Dressage Notes

From the Dressage Canada brochure:
Dressage has been described as ballet on horseback and compared to the freestyle of figure skating. The art of dressage is a harmonious blend of power, beauty and precision. At home, dressage takes several hundred hours of patient nurturing. It takes years to build the necessary strength and fortitude to enable the horse to perform these difficult movements with ease and grace. In the competition ring dressages shows us everthing we think a horse should be. They are obedient yet independent, they are explosive yet contained. Movements such as Passage, the elevated trot, and Piaffe, the trot in place, are just two of the compulsory elements these elegant athletes are required to perform. In an enclosed arena in specific patterns you can see the horse floating, skipping and dancing. The favourite event at any dressage show is the Freestyle Kur. In this event the riders can exhibit their personal style and artistry by choreographing required elements to the music they feel is best suited to their mounts.

The walk, trot and canter are known as gaits or paces. In each of the gaits the horse moves its legs in a different sequence and therefore each gait has its own rhythm.
Walk = a four time pace; meaning four beats to a stride. There are four variations: medium, collected, extended and free. Look for four equally spaced beats; active and purposeful but calm.
Trot = A two time pace; the horse moves in diagonal pairs with an important moment of suspension when all four legs are off the group. There are three variations: collected, medium and extended. Look for: active hind leg stepping energetically under the horse’s body.
Canter = a three time pace; the horse moves with hind leg touching the ground, then the opposite diagonal pair move together, then the remaining front leg. This sequence is then followed by an important moment of suspension when all four legs are off the ground at the same time. as with trot there are three variations: collected, medium and extended. Look for: correct three beat sequence; clear and expressive moment of suspension; nice height to the front leg reaction through a well bent knee joint.

Half Pass= Effortless gliding sideways across the ring, as if the horse is on well-oiled castors, crossing legs so easily. The horse moves forward and sideways across the ring. The horse is bent into the direction of the movement and keeps his body almost parallel to the side of the ring. It is done in both trot and canter. The steeper the angle, the greater the difficulty. Look For: horse remaining almost parallel to the side of the ring. Fluent steps with regular rhythm; maintenance of a gymnastic and balanced pace.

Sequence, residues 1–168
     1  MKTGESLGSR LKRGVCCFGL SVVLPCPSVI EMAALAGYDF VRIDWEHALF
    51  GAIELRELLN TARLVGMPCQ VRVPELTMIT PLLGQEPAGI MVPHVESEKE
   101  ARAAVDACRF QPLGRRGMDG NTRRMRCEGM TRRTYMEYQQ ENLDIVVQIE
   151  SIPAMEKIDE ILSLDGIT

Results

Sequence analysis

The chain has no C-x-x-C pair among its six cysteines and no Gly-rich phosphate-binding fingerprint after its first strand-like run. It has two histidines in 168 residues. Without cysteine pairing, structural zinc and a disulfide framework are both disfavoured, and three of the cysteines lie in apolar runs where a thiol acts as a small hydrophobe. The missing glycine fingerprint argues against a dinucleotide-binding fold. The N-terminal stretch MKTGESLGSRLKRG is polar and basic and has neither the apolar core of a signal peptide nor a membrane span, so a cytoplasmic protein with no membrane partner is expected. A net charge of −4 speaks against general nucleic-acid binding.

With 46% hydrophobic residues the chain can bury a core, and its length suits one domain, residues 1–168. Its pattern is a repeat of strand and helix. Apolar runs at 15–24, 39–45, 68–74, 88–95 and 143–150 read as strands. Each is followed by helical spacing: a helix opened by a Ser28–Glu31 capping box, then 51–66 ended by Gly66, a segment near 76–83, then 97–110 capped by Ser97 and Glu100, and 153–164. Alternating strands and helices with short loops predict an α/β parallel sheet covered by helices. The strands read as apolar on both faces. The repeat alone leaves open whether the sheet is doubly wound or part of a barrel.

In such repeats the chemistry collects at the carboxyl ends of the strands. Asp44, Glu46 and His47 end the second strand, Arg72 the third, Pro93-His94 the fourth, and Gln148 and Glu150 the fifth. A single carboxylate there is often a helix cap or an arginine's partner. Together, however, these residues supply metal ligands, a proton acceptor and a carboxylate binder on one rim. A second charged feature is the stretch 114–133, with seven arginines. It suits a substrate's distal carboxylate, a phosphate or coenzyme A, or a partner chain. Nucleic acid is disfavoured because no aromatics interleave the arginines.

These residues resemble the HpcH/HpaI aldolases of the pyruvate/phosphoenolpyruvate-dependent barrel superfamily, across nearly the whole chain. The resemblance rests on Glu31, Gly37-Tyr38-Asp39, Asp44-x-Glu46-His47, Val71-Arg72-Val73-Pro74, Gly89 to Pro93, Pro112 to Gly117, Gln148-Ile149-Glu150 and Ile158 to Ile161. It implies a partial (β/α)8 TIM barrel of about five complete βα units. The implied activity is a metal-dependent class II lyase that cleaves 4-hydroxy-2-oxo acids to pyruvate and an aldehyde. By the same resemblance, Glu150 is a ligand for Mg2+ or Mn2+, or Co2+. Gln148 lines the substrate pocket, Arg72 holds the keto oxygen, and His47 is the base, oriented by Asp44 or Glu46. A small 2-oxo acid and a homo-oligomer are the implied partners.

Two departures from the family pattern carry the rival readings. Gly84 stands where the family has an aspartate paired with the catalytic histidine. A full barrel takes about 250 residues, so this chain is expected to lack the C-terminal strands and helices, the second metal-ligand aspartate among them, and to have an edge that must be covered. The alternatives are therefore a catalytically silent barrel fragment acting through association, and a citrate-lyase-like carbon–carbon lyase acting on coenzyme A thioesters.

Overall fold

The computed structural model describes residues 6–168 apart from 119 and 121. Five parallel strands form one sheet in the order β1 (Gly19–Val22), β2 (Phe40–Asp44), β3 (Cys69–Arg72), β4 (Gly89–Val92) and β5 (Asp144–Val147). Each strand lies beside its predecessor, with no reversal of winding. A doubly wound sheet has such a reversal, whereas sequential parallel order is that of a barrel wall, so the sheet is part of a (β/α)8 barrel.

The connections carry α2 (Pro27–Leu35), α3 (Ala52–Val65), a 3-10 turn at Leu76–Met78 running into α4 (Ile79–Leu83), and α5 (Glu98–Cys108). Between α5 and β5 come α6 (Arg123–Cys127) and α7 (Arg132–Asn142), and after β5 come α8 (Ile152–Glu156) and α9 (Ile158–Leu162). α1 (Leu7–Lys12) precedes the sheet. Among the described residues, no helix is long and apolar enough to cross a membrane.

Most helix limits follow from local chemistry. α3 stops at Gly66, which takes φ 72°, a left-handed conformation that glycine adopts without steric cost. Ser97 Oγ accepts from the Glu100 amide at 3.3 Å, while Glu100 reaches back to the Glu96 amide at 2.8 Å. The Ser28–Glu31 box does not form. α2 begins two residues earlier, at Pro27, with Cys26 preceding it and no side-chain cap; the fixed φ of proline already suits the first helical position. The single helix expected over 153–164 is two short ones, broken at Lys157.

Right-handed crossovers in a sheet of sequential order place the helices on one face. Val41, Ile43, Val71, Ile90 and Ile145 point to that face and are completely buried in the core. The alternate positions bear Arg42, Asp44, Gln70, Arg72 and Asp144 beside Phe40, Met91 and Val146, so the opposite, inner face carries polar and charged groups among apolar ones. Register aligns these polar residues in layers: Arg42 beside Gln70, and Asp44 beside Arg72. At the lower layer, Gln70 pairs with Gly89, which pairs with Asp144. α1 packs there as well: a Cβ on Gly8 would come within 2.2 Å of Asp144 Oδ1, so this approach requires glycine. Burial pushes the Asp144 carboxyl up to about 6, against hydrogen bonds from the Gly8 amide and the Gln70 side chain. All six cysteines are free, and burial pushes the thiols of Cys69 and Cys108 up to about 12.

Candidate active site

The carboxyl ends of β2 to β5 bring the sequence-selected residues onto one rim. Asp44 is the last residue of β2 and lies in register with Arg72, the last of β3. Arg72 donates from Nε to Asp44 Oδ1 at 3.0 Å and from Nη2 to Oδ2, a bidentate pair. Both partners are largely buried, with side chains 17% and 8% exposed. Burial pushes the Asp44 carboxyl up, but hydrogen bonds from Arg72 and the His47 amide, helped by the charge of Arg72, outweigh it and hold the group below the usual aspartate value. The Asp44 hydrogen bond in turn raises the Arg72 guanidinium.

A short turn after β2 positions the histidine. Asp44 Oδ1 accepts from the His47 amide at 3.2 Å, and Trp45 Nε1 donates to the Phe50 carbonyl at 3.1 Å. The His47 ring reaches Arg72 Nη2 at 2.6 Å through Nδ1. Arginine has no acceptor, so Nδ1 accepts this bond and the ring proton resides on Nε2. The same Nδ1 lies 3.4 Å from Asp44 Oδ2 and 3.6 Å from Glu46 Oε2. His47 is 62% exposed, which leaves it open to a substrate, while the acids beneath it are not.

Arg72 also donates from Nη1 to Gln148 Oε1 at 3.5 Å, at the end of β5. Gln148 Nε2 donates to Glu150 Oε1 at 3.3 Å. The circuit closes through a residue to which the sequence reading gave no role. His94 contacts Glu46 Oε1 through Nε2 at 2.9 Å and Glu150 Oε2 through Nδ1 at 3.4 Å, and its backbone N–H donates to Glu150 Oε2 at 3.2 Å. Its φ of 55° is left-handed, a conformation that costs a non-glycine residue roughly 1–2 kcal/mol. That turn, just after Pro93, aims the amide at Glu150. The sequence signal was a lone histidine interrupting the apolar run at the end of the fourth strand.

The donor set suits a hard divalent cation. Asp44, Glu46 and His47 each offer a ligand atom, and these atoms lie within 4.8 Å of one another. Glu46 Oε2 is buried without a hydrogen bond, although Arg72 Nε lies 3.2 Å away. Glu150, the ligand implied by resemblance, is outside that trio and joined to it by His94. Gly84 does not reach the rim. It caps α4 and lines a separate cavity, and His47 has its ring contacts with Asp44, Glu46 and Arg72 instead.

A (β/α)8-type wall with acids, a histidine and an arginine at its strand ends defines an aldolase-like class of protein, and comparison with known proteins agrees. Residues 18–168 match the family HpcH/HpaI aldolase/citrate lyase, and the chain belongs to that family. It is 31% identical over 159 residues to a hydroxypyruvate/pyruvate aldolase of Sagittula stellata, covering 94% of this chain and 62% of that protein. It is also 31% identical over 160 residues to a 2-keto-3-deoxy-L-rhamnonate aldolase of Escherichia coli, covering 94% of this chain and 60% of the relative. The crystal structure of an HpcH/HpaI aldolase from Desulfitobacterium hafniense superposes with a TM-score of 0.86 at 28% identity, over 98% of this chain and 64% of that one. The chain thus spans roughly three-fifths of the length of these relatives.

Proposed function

Flying Change:
Exciting to ride, performed with gymanastic ability and attractive to watch. Flying changes occur when the horse changes from one lead canter to another in a single moment of suspension. Flying changes are performed either individually or in a sequence called tempi changes. At the grand prix level, sequences of changes are performed either every second stride or every stride, called one time changes.

Demand maximum coordination between both horse and rider. Done at a walk and canter. In canter the horse moves the forelegs in a cicle around its hing legs, which canter more or less on the spot. In grand prix you will see 360 and 720 degree circles. Look for lowering of the hind quarter, producing a sitting effect. The number of strides should be 6 to 8 in a 360 degree pirouette. The smaller the circular track of the hindlegs the better, up to a limit.

A very demanding and exacting exercise wehre the horse trots, almost on the spot. Look for diagonal beats, lowering of the hind quarters towards a sitting position; correct placing, never backward creeping only centimeters forward; even height and placing of hind feet; good height and equally flexed front legs.

A highly elevated dancing trot. Extemely demanding in terms of concentration and balance. Look for regular even rhythm; equal spring from active, flexed hind legs,; good height from well bent legs.